¶15 The real test, then, in determining whether the delivery of a deed to a third party is effective as a conveyance or ineffective as an attempted testamentary disposition of the property is the grantor's intention at the time of the delivery of the deed to the third person. Loosen et el. v. Stangl, supra. If such delivery was accompanied by an intent to forever part with control, the delivery is effective, notwithstanding that the grantor may subsequently regret his action and attempt to place a different construction upon the transaction. See Kay v. Walling, supra: Hall v. Dollarhide, 116 Okla. 180, 244 P. 813. Thus the act of the grantor in subsequently dealing with the property in a manner inconsistent with the legal effect of the deeds previously delivered does not destroy their effectiveness, if, indeed, they were, in fact, effective as conveyances. Kay v. Walling, supra. So, it is generally held that where the instructions which accompany the delivery of the deed to a third party are so definite and unequivocal that it is certain from an examination thereof that the grantor then intended to place the deed beyond his control, his subsequent inconsistent dealings with the property have no legal effect. However, it is otherwise when the oral instructions which accompany the execution of the deed leave some doubt as to the true intention of the grantor at the time. In such cases the subsequent conduct and declarations of the grantor claim an important degree of consideration from an evidentiary standpoint, not because the grantor has the right by a change of intention to alter the effect of the previous delivery, but because his subsequent acts and declarations may by reflection shed some light upon his previous intention at the time the deed was delivered. This important bearing of the subsequent acts and declarations of a grantor was overlooked by us in the case of Kay v. Walling, supra, but it was carefully noted by the Court of Appeals of New York in the case of Saltzsieder v. Saltzsieder, 219 N.Y. 523, 114 N.E. 856. Applying the foregoing considerations to the case at bar, we do not find in the oral instructions given by the grantor to the third party at the time of the delivery of the deeds any express statement advising the third party that the grantor relinquished all right to control or withdraw the deeds. But such an intention may be inferred from his direction to hold the deeds until the death of himself and his wife and then deliver them to the grantees therein named. We do not, however, regard this implied direction as sufficiently unequivocal in nature to preclude the consideration of subsequent acts on the part of the grantor for the purpose of determining his actual intent. Six days later the grantor and his wife mortgaged the property and thereby created a lien (since the mortgagee was a subsequent encumbrancer in good faith without notice of the previously executed deeds) against the land which was inconsistent with the title previously purported to have been conveyed by the deeds. However, we believe this circumstance and method of dealing with the property should be considered in the light of the grantor's previously expressed wish that the grantees named in the three deeds should pay his debts in the event of his death. When he made this mortgage he was creating a debt which he expected to be paid by the grantees as a moral, if not a legal, obligation. Legally, when he executed the conveyance, he was dealing in a most irregular manner, if he had previously intended to part with control of the deeds. But he may have justified the act in his own mind and conscience upon the consideration that the grantees were morally obligated to pay his debts and that the imposition of a legal charge against the property, being in accord with the moral obligation, should not be a subject of complaint by the grantees. Under the circumstances, we do not regard this transaction as conclusive evidence that he did not previously intend to part with all control over the deeds.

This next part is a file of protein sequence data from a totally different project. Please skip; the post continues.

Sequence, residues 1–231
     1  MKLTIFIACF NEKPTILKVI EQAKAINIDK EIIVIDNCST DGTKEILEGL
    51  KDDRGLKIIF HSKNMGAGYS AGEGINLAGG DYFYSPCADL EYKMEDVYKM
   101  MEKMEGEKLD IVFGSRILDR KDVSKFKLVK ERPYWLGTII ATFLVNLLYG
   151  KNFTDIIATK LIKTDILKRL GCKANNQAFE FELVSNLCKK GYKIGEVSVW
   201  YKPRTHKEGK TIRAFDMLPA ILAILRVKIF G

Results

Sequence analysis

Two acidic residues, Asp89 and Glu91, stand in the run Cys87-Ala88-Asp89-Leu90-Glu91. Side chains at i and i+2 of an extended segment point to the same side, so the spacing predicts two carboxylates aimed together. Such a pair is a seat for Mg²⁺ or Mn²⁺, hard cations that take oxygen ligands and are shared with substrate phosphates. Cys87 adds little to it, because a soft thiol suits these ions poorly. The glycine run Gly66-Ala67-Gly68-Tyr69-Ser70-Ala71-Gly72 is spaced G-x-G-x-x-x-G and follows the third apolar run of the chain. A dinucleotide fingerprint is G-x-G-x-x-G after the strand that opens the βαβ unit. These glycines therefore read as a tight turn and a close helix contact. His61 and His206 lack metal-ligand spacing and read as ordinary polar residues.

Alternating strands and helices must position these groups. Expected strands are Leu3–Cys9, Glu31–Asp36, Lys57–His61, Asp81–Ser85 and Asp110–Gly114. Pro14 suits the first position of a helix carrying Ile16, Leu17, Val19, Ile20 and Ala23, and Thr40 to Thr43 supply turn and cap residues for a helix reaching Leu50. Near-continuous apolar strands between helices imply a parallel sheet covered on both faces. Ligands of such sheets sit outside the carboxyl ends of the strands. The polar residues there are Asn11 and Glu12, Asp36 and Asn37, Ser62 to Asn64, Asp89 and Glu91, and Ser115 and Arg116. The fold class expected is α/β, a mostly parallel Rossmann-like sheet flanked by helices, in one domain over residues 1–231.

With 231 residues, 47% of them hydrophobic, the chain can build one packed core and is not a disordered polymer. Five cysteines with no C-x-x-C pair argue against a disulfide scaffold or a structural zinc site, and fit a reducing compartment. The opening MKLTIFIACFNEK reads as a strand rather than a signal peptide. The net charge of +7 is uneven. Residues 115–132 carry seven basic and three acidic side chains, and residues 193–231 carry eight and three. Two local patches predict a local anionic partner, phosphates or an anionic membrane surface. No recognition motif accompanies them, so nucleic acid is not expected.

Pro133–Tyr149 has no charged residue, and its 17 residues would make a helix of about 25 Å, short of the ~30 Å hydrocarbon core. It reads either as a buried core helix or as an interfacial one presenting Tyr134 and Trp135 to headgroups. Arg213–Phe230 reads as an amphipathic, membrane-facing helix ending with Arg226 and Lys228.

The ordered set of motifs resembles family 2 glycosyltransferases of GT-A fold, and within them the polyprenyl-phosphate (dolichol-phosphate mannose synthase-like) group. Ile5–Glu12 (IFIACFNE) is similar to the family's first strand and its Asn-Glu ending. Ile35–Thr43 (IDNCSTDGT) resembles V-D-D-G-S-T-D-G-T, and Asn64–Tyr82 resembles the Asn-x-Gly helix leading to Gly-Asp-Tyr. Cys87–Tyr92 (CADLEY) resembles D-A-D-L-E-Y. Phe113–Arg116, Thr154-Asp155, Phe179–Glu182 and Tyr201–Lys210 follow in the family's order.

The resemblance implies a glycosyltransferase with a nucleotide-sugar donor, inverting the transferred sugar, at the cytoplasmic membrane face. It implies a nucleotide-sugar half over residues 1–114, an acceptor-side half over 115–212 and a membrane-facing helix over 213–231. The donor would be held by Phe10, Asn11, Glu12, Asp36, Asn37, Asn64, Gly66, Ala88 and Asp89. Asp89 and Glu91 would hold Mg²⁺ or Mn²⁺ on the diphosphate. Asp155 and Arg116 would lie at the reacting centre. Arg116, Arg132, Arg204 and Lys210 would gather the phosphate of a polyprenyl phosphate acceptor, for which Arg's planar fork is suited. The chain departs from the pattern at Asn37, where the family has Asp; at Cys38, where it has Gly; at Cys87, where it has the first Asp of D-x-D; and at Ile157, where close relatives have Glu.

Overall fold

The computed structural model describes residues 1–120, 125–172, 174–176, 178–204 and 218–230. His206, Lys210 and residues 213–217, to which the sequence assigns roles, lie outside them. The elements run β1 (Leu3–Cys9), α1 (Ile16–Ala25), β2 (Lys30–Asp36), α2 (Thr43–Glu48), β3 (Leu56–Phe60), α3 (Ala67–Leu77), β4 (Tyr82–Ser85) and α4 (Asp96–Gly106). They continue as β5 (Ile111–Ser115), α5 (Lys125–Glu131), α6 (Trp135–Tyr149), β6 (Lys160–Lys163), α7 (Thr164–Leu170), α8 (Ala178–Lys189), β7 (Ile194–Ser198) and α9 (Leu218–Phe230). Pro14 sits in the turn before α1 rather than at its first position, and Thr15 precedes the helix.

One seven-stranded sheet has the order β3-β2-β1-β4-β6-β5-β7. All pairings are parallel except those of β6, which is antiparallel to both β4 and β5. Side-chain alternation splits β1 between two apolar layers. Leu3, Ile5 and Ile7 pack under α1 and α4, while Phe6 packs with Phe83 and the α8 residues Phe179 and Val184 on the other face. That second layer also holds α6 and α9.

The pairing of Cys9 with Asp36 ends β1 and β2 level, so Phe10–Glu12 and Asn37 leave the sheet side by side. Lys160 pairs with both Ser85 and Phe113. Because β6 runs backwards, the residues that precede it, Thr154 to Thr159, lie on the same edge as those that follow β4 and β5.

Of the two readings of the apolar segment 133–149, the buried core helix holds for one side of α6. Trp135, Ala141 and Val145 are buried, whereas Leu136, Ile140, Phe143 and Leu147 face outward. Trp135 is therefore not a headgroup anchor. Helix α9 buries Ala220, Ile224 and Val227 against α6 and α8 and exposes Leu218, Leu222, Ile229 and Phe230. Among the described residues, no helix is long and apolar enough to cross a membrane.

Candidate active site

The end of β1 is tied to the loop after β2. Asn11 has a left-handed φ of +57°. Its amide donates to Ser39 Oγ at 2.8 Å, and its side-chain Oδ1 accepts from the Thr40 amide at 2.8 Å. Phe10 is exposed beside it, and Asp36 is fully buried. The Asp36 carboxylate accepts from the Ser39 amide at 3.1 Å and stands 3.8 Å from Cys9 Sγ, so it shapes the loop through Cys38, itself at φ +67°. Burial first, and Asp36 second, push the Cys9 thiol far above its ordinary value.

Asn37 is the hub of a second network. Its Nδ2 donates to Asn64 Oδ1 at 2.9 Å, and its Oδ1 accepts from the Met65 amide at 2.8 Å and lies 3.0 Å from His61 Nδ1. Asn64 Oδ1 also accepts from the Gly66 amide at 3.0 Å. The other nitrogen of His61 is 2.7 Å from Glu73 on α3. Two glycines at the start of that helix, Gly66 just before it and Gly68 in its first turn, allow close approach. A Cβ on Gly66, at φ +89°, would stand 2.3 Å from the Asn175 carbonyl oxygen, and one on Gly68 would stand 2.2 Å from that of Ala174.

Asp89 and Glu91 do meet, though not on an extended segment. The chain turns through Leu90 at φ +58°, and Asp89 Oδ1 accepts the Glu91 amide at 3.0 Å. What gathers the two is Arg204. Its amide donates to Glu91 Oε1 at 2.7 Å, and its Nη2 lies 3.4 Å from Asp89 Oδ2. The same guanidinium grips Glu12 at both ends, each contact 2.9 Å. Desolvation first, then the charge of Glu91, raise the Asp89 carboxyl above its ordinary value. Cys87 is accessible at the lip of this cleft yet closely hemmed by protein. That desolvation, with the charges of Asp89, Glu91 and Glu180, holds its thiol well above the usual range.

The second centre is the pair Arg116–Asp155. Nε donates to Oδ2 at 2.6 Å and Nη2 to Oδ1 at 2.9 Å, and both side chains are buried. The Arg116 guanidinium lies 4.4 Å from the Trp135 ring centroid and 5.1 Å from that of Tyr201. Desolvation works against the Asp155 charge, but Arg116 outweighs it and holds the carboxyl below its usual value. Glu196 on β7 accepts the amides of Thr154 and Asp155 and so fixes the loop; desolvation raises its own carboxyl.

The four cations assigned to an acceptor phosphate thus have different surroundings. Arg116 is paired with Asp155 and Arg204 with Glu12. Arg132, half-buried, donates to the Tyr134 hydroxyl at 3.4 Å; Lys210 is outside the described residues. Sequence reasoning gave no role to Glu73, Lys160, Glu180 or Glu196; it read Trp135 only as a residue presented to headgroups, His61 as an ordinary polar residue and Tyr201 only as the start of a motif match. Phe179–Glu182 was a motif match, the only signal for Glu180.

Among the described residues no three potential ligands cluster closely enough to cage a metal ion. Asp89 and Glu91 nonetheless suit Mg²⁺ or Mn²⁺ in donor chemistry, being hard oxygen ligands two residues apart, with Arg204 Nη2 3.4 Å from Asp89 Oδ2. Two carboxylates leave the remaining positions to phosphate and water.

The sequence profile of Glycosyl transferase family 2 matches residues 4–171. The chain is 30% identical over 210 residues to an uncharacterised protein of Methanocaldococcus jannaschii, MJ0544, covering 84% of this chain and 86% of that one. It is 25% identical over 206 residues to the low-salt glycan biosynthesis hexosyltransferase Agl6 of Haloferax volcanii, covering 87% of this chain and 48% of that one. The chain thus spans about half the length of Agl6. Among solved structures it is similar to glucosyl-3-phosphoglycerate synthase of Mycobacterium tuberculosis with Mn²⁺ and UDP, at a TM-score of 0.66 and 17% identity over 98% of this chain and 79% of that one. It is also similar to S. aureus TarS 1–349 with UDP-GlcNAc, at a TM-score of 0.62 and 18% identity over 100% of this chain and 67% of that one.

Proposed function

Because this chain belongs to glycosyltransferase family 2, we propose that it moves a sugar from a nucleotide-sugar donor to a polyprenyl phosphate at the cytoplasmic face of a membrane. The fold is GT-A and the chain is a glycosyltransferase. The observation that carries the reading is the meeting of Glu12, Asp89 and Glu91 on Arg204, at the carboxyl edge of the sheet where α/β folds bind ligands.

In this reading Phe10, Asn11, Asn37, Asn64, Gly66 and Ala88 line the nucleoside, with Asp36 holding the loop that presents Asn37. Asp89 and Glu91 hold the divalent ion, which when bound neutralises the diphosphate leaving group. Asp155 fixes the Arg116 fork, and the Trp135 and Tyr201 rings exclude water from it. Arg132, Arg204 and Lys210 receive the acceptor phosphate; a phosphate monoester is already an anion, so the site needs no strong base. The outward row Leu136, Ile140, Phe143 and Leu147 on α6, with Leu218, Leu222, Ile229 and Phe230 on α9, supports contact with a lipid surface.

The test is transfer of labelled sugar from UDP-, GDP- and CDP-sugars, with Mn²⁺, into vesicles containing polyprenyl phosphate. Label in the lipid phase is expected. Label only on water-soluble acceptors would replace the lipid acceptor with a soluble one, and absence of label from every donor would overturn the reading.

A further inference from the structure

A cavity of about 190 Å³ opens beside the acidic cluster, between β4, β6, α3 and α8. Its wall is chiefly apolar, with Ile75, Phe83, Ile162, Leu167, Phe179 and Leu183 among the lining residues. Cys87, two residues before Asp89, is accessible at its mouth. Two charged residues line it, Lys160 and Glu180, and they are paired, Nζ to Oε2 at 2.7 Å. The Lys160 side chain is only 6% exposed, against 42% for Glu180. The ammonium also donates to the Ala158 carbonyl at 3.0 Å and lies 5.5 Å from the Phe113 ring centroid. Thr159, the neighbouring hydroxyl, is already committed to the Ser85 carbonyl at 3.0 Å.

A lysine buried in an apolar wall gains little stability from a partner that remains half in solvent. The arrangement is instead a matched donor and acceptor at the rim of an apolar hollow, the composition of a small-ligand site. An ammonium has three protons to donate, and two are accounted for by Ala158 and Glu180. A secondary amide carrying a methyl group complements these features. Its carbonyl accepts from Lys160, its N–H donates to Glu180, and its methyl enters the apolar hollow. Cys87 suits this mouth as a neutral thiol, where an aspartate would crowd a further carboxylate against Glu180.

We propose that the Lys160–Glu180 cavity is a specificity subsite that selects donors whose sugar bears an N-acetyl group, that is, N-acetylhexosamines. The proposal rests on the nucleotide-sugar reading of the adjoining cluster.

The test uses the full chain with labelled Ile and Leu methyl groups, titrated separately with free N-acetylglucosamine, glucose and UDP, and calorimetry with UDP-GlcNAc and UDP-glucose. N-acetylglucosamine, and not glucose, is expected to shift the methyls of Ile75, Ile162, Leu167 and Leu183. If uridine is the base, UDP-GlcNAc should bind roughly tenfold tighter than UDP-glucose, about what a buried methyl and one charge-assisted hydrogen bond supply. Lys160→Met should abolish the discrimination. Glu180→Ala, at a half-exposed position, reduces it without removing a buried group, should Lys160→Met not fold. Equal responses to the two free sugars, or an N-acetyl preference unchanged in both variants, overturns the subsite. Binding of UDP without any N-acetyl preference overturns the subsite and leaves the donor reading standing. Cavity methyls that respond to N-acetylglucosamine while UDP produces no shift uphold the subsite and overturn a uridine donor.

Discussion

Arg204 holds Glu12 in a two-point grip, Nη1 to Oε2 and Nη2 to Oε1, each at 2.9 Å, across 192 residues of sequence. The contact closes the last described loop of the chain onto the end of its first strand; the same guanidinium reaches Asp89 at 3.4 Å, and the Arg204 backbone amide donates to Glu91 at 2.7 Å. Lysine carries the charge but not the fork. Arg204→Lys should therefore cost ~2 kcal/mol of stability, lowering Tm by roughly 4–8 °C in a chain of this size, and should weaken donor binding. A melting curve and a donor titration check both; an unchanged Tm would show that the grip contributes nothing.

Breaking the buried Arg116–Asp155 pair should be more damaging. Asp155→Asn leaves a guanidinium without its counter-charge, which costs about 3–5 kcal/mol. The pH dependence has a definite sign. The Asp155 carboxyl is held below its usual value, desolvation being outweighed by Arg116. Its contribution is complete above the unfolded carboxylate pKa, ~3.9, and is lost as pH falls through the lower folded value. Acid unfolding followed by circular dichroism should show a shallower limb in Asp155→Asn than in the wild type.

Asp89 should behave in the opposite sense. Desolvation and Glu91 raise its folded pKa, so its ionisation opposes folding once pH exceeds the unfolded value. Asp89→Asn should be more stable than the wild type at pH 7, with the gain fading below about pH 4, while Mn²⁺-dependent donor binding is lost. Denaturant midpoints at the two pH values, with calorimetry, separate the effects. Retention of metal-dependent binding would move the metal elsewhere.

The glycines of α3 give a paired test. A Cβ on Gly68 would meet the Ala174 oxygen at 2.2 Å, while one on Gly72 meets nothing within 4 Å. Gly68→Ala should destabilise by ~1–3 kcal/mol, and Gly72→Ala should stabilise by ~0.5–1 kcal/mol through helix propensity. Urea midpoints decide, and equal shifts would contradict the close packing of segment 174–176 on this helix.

¶16 Subsequently, the grantor, joined by his wife, executed the deed to Forrest B. Anderson. The date of this transaction, as previously noted, was January 16, 1932, or more than a month after the delivery of the deeds to the third party. The record reveals that the grantor's physical condition was then materially impaired and there is evidence indicating an impairment of his mental condition. The trial court, upon consideration of this evidence, found that he was incompetent to execute a valid conveyance. Regardless of the sufficiency of the evidence to establish the mental incompetency of the grantor to execute a valid conveyance on the 16th day of January, we deem it of sufficient weight to destroy the effect of the January conveyance as a reflection of a previous intent on his part at the time of delivery of the three deeds to the third party to retain control over those deeds in the hands of the third party.

¶17 The trial court by its decision determined that the grantor at the time the three deeds were delivered to the notary public intended to part forever with the lawful right and power to control, recall, or retake the same. The question was one of fact. The evidence is not conclusive either way. After a consideration of the matter, we are unable to say that the trial court's decision on this question of fact was against the clear weight of the evidence. Our judgment must, therefore, be one of affirmance. The grantee in the deed of January 16th was a donee and not a purchaser and cannot, therefore, prevail on the theory that he had no knowledge of the previous conveyance. Our conclusion as above set forth renders it unnecessary for us to decide the sufficiency of the evidence to support the view that Peter Fisher was mentally incompetent to execute a valid conveyance on January 16, 1932. The judgment is affirmed.